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"I sympathize with your problems, Frank," stated Joe McGee, program manager at Dynel International Inc. "You know as well as I do that I'm supposed to resolve conflicts and coordinate efforts among all projects. Staffing problems are your responsibility."
Frank: "Royce Williams has a resume that would choke a horse. I don't understand why he performs with a lazy, I-don't-care attitude. He has fifteen years of experience in a project organizational structure, with ten of those years being in project offices. He knows the work that has to be done."
McGee: "I don't think that it has anything to do with you personally. This happens to some of our best workers sooner or later. You can't expect guys to give 120 percent all of the time. Royce is at the top of his pay grade, and being an exempt employee, he doesn't get paid for overtime. He'll snap out it sooner or later."
Frank: "I have deadlines to meet on the Carlson Project. Fortunately, the Carlson Project is big enough that I can maintain a full-time project office staff of eight employees, not counting myself.
"I like to have all project office employees assigned full-time and qualified in two or three project office areas. It's a good thing that I have someone else checked out in Royce's area. But I just can't keep asking this other guy to do his own work and that of Royce's. This poor guy has been working sixty to seventy hours a week and Royce has been doing only forty. That seems unfair to me."
McGee: "Look, Frank, I have the authority to fire him, but I'm not going to. It doesn't look good if we fire somebody because they won't work free overtime. Last Year we had a case similar to this, where an employee refused to work on Monday and Wednesday evenings because it interfered with his MBA classes. Everyone knew he was going to resign the instant he finished his degree, and yet there was nothing that I could do."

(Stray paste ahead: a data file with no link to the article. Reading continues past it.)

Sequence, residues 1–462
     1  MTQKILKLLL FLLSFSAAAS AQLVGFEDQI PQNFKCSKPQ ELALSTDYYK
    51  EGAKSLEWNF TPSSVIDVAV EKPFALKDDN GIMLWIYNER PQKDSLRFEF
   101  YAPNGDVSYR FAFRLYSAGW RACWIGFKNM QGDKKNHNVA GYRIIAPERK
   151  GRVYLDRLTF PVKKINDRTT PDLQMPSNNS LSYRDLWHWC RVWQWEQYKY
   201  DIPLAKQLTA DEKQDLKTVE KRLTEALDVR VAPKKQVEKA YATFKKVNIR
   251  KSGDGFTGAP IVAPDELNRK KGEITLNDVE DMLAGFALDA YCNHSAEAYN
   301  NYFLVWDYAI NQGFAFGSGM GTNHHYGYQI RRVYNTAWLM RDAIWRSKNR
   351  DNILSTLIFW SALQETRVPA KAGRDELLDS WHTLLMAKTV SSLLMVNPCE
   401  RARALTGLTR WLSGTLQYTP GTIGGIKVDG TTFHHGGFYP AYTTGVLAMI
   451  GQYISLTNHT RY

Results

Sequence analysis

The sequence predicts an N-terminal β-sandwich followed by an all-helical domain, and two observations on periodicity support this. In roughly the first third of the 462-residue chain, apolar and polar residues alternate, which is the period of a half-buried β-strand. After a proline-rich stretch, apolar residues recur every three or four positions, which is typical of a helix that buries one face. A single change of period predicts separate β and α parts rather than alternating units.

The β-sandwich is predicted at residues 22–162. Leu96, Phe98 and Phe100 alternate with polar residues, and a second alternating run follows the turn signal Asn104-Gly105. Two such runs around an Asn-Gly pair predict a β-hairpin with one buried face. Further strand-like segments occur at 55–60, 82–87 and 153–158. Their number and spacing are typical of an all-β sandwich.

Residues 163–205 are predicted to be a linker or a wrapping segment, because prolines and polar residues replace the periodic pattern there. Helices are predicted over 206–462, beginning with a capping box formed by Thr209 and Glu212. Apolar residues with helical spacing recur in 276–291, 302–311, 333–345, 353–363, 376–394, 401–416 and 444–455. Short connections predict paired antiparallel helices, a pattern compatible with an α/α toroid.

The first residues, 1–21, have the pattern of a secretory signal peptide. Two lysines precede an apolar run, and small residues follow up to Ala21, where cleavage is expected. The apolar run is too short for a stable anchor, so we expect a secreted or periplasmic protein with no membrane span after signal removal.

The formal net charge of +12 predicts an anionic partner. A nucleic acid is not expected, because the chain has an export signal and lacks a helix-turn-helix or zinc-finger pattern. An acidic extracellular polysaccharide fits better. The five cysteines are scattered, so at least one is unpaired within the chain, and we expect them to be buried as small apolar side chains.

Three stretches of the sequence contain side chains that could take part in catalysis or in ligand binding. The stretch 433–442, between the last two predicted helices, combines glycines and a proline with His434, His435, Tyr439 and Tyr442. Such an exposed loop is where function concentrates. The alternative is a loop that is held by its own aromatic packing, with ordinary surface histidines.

Frank: "There must be other alternatives for Royce Williams. I've talked to him as well as to other project office members. Royce's attitude doesn't appear to be demoralizing other members, but it easily could in a short period of time."
McGee: "We can reassign him to another project, as soon as one comes along. I'm not going to put him on my overhead budget. Your project can support him for the time being. You know, Frank, the grapevine will know the reason for his transfer. This might affect your ability to get qualified people to volunteer to work with you on future projects. Give Royce a little time and see if you can work it out with him. What about this guy, Harlan Green, from one of the functional groups?"
Frank: "Two months ago, we hired Gus Johnson, a man with ten years of experience. For the first two weeks that he was assigned to my project, he worked like hell and got the work done ahead of schedule. His work was flawless. That was the main reason why I wanted him. I know him personally, and he's one great worker."
"During weeks three and four, his work slowed down considerably. I chatted with him and he said that Harlan Green refused to work with him if he kept up that pace."
McGee: "Did you ask him why?"
Frank: "Yes. First of all, you should know that for safety reasons, all men in that department must work in two- or three-men crews. Therefore, Gus was not allowed to work alone. Harlan did not want to change the standards of performance for fear the some of the other employees would be laid off.
"By the end of the first week, nobody in the department would talk to Gus. As a matter of fact, they wouldn't even sit with him in the cafeteria. So, Gus had to either conform to the group or remain an outcast. I feel partially responsible for what has happened, since I'm the one who brought him here."
"I know that has happened before, in the same department. I haven't had a chance to talk to the department manager as yet. I have an appointment to see him next week."
McGee: "There are solutions to the problem, simple ones at that. But, again, it's not my responsibility. You can work it out with department manager."
"Yeah," thought Frank. "But what if we can't agree?"
1. What are the major problems facing the project manager?
2. Was the overloading problem unfair?
3. How should the project manager handle Royce Williams?
4. How should the project manager handle Gus Johnson?
5. How should a project manager effectively work with an employee who has an "I don't care" attitude? Suggest four alternatives.